Foul Play Review

All the world’s a stage, and all the men and women merely players

Posted By | On 25th, Sep. 2013 Under Article, Reviews | Follow This Author @Bojeeva

The show must go on – that’s the key principle this unique side scrolling beat ‘em up from Devolver Digital and Mediatonic. At first sight, the new XBLA and PC download Foul Play looks more than a little reminiscent of the much-loved Castle Crashers, an addictive brawler that received critical acclaim back in 2008. But look beyond the cartoony appearance and side-scrolling format and Foul Play is an altogether different adventure.

It tells the tale of the moustachioed daemon-hunter Baron Dashforth who wants to reveal his life story on stage. He thus takes on the role as the lead actor in the “greatest show on earth”, tasked with keeping his audience happy while slapping, swatting and swiping enemies/jobbing actors in an elaborate stage show. It’s a vaudevillian tale – the game taking place in a vast theatre – with the audience displayed at the bottom of the screen, whooping and cheering with every bad guy you dispatch. Play with aplomb and the audience cheers, play safe and they will bay for your blood and boo you off, bringing down the curtain and ending your game.

foul play video game

Here’s the twist… there’s not a conventional health bar onscreen but an applause meter that shows how entertained the audience is. Chain a massive combo together and throw in a variety of strikes and they’ll go wild, but forget to counter incoming attacks and succumb to sucker blows and they’ll quickly tire of you and jeer.

"Diving into the main game, however, and you'll notice the rogue like factors right out of the date. You play as a piddly male or female warrior carrying a standard sword, mucking around in some pub."

Sporting a top hat and cane, Dashforth is a very dapper chap and keen to take on all manner of foes. Played alone Foul Play is great fun but team up with a friend as trusted sidekick Scampwick the chimney sweep either online or locally and things really improve. With a chum, you’re able to pull off special team takedowns and linking attacks, throw enemies towards one another and string together huge combo chains.

The gameplay is about as simple as it gets. Drum buttons to attack, launch enemies into the air and string combos together. A handy lightning bolt icon indicates when enemies are about to strike, giving you ample time to counter and parry. Get in the groove and you’ll sometimes be able to pull off a Showstopper move, which boosts the audience approval rating for a time limited time.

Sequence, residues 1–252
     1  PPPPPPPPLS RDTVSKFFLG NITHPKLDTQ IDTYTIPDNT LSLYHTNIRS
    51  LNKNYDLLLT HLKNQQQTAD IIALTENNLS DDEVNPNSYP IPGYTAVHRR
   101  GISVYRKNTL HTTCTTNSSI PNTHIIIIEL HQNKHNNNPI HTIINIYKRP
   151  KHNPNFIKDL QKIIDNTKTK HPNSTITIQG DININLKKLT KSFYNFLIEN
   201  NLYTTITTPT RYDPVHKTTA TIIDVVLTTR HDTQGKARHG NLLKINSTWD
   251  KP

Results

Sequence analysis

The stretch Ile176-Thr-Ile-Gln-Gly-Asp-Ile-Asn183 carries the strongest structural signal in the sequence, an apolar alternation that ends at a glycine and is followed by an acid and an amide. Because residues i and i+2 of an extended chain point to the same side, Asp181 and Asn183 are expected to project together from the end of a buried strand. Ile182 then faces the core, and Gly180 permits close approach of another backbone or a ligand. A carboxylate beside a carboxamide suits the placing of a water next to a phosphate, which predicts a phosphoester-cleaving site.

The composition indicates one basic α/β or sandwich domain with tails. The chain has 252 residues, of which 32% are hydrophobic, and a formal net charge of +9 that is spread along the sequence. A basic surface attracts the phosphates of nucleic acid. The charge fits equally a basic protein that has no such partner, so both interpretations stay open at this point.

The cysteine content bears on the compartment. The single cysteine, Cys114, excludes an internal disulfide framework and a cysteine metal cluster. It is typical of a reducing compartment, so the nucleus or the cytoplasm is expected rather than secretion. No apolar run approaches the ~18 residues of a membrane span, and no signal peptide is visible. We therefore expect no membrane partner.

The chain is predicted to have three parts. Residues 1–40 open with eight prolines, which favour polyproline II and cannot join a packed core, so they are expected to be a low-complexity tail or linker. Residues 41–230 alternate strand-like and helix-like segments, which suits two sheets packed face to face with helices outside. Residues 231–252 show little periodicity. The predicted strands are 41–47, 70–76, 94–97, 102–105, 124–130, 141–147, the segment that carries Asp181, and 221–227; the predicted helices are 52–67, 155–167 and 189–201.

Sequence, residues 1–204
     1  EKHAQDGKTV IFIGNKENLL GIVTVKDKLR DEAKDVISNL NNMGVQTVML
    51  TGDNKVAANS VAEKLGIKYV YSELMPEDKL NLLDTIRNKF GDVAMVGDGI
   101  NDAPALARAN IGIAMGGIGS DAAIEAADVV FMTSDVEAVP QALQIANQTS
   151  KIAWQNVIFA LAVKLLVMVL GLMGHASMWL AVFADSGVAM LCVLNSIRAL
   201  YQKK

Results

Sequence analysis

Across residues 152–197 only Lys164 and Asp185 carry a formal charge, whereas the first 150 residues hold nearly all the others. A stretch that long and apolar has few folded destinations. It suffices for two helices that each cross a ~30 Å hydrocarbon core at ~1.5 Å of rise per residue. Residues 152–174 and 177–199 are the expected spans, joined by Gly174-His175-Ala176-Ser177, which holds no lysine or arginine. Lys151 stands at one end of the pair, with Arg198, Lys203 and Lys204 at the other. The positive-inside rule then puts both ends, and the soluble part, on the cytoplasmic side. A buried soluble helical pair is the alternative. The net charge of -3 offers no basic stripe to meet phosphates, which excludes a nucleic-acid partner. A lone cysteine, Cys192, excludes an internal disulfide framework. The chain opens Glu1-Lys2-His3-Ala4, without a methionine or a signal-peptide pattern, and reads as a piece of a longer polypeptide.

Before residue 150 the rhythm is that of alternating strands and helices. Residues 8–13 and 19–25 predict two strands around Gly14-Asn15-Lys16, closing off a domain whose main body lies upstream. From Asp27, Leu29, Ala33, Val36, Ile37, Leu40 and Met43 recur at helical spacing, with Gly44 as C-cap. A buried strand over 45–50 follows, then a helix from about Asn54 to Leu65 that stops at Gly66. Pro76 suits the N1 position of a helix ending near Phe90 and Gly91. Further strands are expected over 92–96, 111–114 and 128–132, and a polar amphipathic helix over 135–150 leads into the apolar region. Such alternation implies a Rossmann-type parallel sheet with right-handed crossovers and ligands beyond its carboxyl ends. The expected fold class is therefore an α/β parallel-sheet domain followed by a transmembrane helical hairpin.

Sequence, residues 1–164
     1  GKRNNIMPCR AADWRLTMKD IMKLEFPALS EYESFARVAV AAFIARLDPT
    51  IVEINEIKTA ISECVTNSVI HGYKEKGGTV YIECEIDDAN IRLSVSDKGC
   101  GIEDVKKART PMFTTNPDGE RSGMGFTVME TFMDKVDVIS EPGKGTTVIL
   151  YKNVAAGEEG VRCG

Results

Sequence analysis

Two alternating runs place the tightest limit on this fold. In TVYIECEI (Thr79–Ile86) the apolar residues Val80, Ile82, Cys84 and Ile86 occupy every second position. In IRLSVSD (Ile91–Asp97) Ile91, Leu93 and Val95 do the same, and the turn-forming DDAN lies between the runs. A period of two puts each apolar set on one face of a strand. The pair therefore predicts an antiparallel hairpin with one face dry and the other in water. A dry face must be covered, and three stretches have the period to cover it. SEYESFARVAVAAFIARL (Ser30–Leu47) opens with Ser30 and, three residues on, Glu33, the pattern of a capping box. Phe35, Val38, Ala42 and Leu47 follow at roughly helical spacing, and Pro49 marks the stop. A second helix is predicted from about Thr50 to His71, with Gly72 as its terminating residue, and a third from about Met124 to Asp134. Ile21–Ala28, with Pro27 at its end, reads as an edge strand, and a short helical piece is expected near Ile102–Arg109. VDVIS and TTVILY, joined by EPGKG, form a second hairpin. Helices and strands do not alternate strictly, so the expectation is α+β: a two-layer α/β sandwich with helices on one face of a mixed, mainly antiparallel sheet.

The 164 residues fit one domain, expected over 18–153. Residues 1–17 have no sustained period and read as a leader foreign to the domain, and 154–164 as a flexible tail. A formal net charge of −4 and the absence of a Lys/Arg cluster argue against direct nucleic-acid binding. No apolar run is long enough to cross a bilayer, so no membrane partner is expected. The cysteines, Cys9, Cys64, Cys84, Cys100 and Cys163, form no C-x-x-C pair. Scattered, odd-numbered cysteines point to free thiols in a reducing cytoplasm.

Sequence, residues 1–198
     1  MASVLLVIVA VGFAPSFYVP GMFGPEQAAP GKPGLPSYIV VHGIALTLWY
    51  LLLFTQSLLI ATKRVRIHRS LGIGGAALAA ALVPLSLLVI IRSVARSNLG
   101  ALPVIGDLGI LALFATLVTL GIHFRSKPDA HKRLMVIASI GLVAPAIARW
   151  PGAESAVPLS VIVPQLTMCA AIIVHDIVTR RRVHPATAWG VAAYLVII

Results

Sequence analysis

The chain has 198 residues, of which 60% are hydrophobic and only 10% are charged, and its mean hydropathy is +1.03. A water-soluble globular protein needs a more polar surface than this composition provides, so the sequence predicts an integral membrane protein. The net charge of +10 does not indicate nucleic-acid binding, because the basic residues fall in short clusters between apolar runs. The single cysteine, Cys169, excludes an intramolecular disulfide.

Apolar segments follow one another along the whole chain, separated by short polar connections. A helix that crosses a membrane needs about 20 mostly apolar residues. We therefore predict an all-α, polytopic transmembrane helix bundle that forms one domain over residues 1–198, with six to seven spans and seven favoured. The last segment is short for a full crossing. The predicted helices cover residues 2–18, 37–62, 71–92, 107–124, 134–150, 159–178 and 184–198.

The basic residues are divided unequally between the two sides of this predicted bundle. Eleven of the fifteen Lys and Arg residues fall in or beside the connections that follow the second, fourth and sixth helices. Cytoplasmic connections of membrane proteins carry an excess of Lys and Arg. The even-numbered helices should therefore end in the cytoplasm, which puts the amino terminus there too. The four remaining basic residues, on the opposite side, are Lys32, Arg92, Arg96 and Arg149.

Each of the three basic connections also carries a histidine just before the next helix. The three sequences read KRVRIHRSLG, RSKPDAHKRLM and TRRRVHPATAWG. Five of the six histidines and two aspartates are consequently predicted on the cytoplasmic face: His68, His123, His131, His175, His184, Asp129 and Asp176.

foul play video game

"Diving into the main game, however, and you'll notice the rogue like factors right out of the date. You play as a piddly male or female warrior carrying a standard sword, mucking around in some pub."

The 22 Acts take you on a trip through the highlights of the good Baron’s life, set across the globe in locations as varied as Cairo, Atlantis and London. Several challenges can be completed in each stage, such as finishing a section within a strict time limit or killing enemies in a certain order, all of which keeps you on your toes and makes the game a lot trickier. With the points and challenges come charms – little trinkets that are unlocked and add to your abilities, making life a little easier.

Besides the run-of-the-mill enemies, big bosses occasionally lumber on screen wielding huge weapons and requiring a large health bar to deplete before they’re vanquished.

Visually, everything looks suitably vintage and theatrical. Admittedly it’s a bit weird to see the shaky scenery constantly change as you wander across a never-ending scrolling stage while the audience remains static; an odd effect but to run the entire game on a stationary stage wouldn’t really have worked either. Despite this idiosyncrasy, the gameplay is solid albeit a little repetitive and buttonmashy.

foul play video game

There’s a nice instrumental soundtrack with an orchestral feel to it – but sadly there are no voiceovers, just lots of grunts and “ums” and “ers”, combined with plenty of pop up captions. It seems a bit of a shame.

No matter. Despite its repetitive nature, stepping into the shoes of the famous demonologist Dashforth to slap actors and stagehands is entertaining, especially when you’ve got a friend along for the ride. Offering several hours of gameplay, Foul Play is unique, charming and fun.

This game was reviewed on Xbox 360.


Great graphical style and unique concept. Foul Play is a fantastic example of a modern side-scrolling brawler


Although it’s fun, Foul Play is awfully repetitive. Play for any period of time and your thumbs will ache for all the buttonmashing

Final Verdict

Let Baron Dashforth lead you through his life story, a tale of adventure that’s rightly dubbed “the greatest show on earth”

A copy of this game was provided by developer/publisher for review purposes. Click here to know more about our Reviews Policy.

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